Reports that commercial sex workers are abusing pre-exposure prophylaxis (PrEP) and post-exposure prophylaxis (PEP) drugs are worrying indeed.
The prescriptive drugs should be used to prevent HIV/Aids in mainly emergency situations but, alarmingly, they are now being used casually in lieu of condoms, which have perennially been in short supply across the country.
An investigative report by this newspaper shows the drugs are being stolen from public hospitals and sold in the black market, where stiff competition in the sex trade has seen people pay more for unprotected sexual activity, prompting commercial sex workers to resort to them to protect themselves.
This unfortunate trend points to laxity in the control of drug supplies, a fact that has confirmed the Kenya Medical Supplies Authority (Kemsa), which supplies drugs to public hospitals, as a hotbed of corruption. It also points to a lack of comprehensive sensitisation of the public, and especially vulnerable groups such as commercial sex workers, on the need to adopt proper HIV/Aids protection measures.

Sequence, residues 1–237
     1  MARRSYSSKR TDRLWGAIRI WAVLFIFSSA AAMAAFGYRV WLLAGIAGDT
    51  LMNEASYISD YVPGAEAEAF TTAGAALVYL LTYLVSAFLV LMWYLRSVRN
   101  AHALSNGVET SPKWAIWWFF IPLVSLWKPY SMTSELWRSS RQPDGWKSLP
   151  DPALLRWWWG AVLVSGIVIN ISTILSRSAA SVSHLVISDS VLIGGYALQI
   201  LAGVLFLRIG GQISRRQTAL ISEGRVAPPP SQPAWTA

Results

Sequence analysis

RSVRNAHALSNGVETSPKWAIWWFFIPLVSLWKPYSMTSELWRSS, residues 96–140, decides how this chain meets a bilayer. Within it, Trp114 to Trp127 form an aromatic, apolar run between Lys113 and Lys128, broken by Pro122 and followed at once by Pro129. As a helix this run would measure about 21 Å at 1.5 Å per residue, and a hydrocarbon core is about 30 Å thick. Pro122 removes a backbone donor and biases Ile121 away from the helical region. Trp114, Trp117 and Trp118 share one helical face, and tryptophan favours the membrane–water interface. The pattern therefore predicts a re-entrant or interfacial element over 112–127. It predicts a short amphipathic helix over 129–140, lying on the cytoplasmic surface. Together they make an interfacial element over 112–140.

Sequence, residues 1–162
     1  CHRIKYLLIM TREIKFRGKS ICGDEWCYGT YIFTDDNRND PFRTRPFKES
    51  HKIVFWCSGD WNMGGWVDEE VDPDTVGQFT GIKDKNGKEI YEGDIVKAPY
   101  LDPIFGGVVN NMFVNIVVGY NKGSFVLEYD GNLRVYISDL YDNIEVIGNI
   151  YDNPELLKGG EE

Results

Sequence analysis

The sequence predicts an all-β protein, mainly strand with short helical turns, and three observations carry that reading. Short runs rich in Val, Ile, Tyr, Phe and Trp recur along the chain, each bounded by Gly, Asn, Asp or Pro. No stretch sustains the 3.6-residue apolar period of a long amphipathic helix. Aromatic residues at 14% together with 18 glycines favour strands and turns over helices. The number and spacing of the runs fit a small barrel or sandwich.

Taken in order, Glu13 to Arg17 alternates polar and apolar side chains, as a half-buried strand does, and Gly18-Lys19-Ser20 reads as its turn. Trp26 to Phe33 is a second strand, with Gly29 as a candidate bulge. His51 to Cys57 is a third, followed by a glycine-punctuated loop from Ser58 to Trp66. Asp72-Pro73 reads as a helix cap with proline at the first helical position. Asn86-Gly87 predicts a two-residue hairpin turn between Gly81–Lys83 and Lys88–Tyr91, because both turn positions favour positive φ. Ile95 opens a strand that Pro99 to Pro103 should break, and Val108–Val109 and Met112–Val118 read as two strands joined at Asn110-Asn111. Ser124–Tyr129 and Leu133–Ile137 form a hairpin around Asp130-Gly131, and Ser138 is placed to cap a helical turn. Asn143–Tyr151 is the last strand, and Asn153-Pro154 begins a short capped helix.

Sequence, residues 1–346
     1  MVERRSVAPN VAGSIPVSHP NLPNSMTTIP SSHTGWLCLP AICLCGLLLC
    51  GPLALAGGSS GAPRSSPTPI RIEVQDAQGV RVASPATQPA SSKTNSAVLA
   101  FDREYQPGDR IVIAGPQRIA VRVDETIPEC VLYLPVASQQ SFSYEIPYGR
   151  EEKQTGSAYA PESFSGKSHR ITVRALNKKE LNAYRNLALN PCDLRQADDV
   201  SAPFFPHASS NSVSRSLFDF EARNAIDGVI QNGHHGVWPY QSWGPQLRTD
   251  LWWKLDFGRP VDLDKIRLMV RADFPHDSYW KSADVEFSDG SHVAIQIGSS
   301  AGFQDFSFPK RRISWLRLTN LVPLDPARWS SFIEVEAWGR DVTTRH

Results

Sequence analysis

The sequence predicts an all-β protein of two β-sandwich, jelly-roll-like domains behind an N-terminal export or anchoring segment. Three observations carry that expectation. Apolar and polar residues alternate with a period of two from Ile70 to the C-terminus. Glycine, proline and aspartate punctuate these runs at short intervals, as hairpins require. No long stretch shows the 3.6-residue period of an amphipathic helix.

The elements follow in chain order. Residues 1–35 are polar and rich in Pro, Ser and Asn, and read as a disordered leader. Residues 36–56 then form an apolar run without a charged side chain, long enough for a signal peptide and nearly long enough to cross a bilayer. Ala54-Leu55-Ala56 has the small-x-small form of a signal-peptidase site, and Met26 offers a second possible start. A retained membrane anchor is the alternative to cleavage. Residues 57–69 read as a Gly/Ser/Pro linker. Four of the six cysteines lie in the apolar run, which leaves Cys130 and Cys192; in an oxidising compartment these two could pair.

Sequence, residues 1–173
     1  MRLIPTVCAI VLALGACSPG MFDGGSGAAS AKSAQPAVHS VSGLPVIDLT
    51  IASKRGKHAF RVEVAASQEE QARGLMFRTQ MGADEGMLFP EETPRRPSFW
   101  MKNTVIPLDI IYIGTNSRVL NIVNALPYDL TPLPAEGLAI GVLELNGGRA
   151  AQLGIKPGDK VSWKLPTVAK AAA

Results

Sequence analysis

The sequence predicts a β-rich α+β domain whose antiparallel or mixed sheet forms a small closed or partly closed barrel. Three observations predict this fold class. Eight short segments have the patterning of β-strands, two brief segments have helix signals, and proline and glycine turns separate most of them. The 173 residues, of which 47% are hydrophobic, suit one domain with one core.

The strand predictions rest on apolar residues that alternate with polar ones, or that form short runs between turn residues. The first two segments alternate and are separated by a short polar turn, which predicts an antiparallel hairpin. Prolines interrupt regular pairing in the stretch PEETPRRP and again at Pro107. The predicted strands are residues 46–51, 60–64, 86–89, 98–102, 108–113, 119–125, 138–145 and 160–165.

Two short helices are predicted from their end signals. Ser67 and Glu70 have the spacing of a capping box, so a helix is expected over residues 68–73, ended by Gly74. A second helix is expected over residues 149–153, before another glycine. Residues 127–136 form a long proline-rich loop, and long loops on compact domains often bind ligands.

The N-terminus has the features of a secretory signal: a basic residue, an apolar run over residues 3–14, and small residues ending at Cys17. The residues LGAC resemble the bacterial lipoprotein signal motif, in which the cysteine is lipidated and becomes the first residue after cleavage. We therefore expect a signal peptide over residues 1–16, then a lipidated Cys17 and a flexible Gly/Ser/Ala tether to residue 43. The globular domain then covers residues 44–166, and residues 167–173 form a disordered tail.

There is an urgent need for the authorities to plug the loopholes through which the drugs are siphoned and ensure there is a constant and adequate nationwide supply of condoms. More importantly, there is a need for a comprehensive campaign on HIV/Aids protection.
The fact that commercial sex workers ignorantly believe they will be safe as long as they use such drugs even before being tested is simply alarming.
Health and security agencies must break the networks through which the drugs are stolen. Holding the crooks accountable will serve as a warning that such serious violations of health protocols come with dire consequences. That is the surest way to stem the risk of faster spread of endemic HIV.